river-water system.<br />

Although all plants required urgent care due to the flood of water and had to be re-bagged or repotted with new medium<br />

or soil, the shade nursery and seedling nursery created last year to withstand winds survived. Following the hurricane, it<br />

was discovered that several saplings on the homestead were leaning because of wind and too much water in the soil.<br />

We tied young trees back into place over a day.<br />

Fundraising will play a significant role in 2023 as 3t enlists the aid of NRCS and any other organizations that can offer<br />

technical or financial assistance. The perennial bunchgrass known as vetiver, or Chrysopogon zizanioides, is a member<br />

of the Poaceae family. Vetiver is the best plant for preventing landslides and controlling erosion because its roots spread<br />

downward and reach a depth of around 6 feet. Vetiver planting to prevent erosion is already in progress.<br />


Established in 1983, the 930-acre mountainous forest property known as Las Casas de la Selva is the home of Tropic<br />

Ventures Sustainable Forestry & Rainforest Enrichment Project, is a certified Stewardship Forest, and has an approved<br />

Forest Stewardship Management Plan under the auspices of the Puerto Rican Department of Natural Resources, and the<br />

International Institute of Tropical Forestry. Additionally, it is designated as Auxiliary Forest. Tropic Ventures Research &<br />

Education Foundation is a Puerto Rican not-for-profit and has a contract with Tropic Ventures (the managing entity) to<br />

conduct scientific studies and educational research work on the entirety of the land for the next 50 years. Established in<br />

1983, Tropic Ventures Sustainable Forestry & Rainforest Enrichment Project has planted over 50,000 hardwood trees on<br />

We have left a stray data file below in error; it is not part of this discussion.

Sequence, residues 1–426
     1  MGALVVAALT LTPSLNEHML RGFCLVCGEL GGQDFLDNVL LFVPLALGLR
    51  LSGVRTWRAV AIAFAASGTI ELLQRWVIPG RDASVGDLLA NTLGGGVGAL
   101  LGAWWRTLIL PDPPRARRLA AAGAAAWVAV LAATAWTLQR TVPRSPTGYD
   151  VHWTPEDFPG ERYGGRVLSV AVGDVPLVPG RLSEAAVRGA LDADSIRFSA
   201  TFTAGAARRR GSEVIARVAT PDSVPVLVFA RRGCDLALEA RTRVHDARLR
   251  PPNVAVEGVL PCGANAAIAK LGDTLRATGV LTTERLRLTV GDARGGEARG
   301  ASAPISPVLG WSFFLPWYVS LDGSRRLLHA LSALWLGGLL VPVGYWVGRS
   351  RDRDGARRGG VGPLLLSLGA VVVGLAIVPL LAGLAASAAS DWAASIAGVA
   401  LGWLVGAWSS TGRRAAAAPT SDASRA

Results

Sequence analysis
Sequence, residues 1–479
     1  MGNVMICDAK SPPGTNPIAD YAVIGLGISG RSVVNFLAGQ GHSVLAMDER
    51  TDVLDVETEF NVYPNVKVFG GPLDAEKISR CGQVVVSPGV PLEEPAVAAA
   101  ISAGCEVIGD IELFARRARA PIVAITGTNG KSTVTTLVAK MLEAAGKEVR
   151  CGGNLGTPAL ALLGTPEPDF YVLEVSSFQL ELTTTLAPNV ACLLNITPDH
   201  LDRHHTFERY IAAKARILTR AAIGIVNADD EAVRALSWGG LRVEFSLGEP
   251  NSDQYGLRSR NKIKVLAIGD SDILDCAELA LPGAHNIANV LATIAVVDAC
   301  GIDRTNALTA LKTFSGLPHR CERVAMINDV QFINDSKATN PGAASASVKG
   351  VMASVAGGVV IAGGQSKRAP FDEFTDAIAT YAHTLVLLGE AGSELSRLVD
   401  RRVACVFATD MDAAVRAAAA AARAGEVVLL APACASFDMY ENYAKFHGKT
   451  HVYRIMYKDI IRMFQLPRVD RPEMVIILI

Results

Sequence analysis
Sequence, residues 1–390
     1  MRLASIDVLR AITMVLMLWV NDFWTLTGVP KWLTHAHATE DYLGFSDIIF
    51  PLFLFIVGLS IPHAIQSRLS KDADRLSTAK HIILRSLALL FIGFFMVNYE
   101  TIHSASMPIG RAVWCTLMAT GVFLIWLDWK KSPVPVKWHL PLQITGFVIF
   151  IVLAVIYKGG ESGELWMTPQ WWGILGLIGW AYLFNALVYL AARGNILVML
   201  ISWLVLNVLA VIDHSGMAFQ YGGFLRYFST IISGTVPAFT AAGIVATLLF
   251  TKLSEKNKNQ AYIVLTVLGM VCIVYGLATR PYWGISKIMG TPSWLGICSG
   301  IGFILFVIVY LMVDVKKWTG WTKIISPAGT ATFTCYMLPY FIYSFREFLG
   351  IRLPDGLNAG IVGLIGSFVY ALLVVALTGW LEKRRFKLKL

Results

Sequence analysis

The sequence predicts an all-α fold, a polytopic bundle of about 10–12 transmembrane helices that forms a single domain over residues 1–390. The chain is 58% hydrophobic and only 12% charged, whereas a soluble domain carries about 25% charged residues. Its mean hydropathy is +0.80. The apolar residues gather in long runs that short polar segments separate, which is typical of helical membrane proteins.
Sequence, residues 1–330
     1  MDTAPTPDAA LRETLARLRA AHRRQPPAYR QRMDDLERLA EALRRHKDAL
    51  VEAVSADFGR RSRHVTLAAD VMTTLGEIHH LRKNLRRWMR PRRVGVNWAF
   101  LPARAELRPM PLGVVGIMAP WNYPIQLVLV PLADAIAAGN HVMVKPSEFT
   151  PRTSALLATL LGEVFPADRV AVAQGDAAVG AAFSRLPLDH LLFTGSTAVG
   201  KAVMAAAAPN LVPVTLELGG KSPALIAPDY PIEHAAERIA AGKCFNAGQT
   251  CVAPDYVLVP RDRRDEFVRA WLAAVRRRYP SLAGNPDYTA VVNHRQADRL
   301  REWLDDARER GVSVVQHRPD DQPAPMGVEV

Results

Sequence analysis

300 acres of the secondary forest using line-planting to minimize disturbance, leaving the rest as a ‘wilderness’ zone and<br />

to observe dynamics in undisturbed secondary forest. Minimal selective-thinning and removal for the sale of harvested<br />

timber on the land has been conducted since 2003. Between 2013 and 2015, the project established new populations of<br />

federally listed trees Styrax portoricensis (Palo de Jazmin) and Cornutia obovata (Palo de Nigua), in a collaborative project<br />

with the US Fish & Wildlife Service.

The property is characterized as subtropical wet forest in the Holdridge life zone system and is known locally as<br />

“tabonuco forest”, with Dacryodes excelsa Vahl being a dominant tree. It is located in the southeast mountains of the<br />

island of Puerto Rico, adjacent to the 6,660-acre Carite State Forest. It is a spectacular site with steep, thickly forested<br />

slopes, and beautiful rivers and waterfalls. The location and the quality of the habitat of Las Casas de la Selva are ideal<br />

for the establishment of projects assisting toward the recovery of various endangered endemic plant and tree<br />

species. The forest is located on steep slopes at an elevation range of 600-350m, receiving an average annual rainfall of<br />

3,000 mm (118 in).<br />

Report by Thrity Vakil, December <strong>2022</strong>